Solomon Study - College Acceptance Rates at Top 30 Universities of Public and Private School Students
July 31, 2020
We at Solomon Admissions Consulting regularly analyze various issues and data in the college admissions space. In this study, we looked at our public and private school student clients with comparable unweighted GPAs, course rigor and standardized test scores, and how they did in regard to college admissions at the nation's top 30 universities.
For the study, we selected 160 students, with 80 students who applied in Fall 2018 and 80 students who applied in Fall 2019. All 160 students had applied to at least one of the top 30 nationally ranked universities in Fall 2018 and Fall 2019. The 30 universities we counted were the following:
Massachusetts Institute of Technology (MIT)
University of Chicago
University of Pennsylvania
Johns Hopkins University
California Institute of Technology
University of Notre Dame
University of California, Los Angeles (UCLA)
University of California, Berkeley
University of Southern California
Carnegie Mellon University
University of Michigan
Wake Forest University
University of Virginia
Georgia Tech University
New York University (NYU)
The results are presented below:
The results showed that overall public school students did better over the 2018 and 2019 application seasons than private school students.
Public school students who applied in Fall 2018 saw an admit rate of 52.5% at the nation's top 30 universities, while private school students had an admit rate of 57.5%. In Fall of 2019, however, public school students did much better and had an admit rate of 72.5% versus private school students who achieved an admit rate of 62.5%. When combining the 2018 and 2019 data, we determined that public school students achieved an acceptance rate of 62.5% over the last two years, while private school students achieved an acceptance rate of 60.0%.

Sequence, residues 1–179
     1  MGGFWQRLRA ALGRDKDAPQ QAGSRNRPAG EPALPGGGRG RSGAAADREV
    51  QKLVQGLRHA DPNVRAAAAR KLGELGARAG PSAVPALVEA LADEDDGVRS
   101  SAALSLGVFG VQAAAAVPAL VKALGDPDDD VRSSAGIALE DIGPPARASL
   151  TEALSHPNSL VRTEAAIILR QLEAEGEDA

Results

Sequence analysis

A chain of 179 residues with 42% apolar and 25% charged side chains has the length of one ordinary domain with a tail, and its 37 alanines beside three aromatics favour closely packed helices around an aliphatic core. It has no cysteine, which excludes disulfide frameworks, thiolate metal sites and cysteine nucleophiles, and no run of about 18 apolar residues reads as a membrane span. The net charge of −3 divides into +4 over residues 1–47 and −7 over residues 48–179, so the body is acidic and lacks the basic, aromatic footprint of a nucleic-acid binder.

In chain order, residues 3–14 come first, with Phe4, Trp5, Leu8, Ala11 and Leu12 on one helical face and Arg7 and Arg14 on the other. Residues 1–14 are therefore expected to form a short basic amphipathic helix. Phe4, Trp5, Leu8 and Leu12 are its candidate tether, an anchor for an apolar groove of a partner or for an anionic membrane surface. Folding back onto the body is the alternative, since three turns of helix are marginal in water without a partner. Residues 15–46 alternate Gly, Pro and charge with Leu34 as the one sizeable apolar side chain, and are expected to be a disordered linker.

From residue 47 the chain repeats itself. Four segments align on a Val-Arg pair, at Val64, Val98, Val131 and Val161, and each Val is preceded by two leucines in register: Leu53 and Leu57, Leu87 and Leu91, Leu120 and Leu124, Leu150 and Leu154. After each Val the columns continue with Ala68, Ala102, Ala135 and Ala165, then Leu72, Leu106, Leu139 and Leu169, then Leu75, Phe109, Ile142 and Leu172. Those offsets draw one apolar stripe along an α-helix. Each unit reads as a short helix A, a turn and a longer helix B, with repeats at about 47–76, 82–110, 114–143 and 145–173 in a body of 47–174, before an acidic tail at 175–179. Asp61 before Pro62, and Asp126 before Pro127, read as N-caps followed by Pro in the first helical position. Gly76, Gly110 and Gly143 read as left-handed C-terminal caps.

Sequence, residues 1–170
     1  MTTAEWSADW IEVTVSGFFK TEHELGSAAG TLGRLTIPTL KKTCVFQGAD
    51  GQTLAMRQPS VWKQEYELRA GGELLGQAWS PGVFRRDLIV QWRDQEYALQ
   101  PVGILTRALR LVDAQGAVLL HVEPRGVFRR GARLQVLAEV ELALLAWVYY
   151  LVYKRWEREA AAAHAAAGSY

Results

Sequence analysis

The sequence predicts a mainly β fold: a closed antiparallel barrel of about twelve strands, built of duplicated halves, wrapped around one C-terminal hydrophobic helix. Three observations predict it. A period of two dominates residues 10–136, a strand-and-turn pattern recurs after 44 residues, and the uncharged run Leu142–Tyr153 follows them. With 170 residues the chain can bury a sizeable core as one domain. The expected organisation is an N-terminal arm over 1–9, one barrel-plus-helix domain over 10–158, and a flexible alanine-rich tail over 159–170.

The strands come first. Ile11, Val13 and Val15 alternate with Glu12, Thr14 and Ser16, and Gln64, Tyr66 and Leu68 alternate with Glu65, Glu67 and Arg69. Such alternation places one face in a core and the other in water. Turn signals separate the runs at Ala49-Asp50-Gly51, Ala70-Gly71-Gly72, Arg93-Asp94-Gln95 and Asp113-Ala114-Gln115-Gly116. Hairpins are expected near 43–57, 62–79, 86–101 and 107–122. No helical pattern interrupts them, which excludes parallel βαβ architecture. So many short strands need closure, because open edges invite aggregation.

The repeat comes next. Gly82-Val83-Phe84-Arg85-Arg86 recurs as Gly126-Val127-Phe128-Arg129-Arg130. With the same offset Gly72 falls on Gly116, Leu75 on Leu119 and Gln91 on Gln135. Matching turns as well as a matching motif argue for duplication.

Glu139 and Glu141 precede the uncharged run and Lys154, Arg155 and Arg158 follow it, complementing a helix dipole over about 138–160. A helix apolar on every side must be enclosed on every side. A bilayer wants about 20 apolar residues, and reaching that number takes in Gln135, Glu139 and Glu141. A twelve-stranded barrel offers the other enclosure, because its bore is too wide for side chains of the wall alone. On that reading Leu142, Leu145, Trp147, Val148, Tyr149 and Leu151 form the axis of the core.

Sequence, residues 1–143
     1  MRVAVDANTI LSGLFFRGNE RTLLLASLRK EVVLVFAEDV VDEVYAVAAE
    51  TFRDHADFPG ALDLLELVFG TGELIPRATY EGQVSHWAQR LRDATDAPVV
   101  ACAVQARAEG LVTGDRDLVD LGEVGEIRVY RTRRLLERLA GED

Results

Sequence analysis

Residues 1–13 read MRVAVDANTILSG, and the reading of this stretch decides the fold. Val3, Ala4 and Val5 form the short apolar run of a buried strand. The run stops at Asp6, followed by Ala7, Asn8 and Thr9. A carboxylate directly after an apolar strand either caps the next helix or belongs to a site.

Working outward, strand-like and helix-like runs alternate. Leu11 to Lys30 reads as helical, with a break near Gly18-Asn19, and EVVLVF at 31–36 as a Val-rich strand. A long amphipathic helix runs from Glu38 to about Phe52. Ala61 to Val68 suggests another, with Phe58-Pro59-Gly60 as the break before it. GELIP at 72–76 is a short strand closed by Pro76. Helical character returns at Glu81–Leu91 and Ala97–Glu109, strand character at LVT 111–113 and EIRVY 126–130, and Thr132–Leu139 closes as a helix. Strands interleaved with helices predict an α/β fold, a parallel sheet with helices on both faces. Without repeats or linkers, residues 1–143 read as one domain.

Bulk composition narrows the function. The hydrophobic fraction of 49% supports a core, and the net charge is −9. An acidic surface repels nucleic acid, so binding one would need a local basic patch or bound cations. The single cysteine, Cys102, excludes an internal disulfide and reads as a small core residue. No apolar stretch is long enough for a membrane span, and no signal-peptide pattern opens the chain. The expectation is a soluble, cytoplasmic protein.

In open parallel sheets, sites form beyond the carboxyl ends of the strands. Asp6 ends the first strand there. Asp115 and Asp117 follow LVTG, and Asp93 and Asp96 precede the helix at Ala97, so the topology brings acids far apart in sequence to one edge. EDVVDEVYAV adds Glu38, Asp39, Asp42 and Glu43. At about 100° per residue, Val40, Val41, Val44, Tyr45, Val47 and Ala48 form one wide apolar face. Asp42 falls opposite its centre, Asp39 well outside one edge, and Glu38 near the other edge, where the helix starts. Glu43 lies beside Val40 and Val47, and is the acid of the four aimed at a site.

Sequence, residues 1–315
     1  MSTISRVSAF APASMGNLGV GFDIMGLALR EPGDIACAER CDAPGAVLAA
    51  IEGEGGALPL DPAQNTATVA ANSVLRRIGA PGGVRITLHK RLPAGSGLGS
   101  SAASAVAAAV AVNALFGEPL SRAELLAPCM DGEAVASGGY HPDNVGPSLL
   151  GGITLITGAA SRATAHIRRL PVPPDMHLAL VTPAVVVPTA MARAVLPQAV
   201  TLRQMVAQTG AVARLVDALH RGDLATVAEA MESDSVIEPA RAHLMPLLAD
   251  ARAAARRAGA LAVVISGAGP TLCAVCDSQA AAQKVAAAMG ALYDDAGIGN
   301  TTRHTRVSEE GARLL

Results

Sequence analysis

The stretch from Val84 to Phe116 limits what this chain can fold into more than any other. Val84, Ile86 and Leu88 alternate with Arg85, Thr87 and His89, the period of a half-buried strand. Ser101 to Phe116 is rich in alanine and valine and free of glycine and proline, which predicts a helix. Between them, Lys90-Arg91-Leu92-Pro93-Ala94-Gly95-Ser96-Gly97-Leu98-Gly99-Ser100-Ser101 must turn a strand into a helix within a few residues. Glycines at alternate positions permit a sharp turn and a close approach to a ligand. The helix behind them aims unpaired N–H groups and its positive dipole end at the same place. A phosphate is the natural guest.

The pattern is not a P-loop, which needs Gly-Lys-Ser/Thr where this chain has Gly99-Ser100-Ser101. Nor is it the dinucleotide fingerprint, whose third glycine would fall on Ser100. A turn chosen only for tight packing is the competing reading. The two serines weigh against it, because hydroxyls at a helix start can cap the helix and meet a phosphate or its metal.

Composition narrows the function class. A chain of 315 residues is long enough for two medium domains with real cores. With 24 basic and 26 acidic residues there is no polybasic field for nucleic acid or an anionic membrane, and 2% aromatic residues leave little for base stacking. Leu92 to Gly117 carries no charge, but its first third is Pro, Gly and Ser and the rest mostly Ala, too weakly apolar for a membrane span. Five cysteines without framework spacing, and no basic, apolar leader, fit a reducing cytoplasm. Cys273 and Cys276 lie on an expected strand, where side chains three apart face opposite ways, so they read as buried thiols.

We believe the main reasons for this lack of a significant difference between the college acceptance rates of public and private school students are the following:
Colleges, especially the highly selective, view applicants both within the context of their high school environment and the overall applicant pool.
Colleges will know where the student is ranked in the school even if the school does not do class rankings based on the information they receive from the college counselors at the various schools.
There is a higher density of top students who apply to all the top schools from private schools than from public schools, and this leads to an oversaturation of applicants from that school and hence worse results.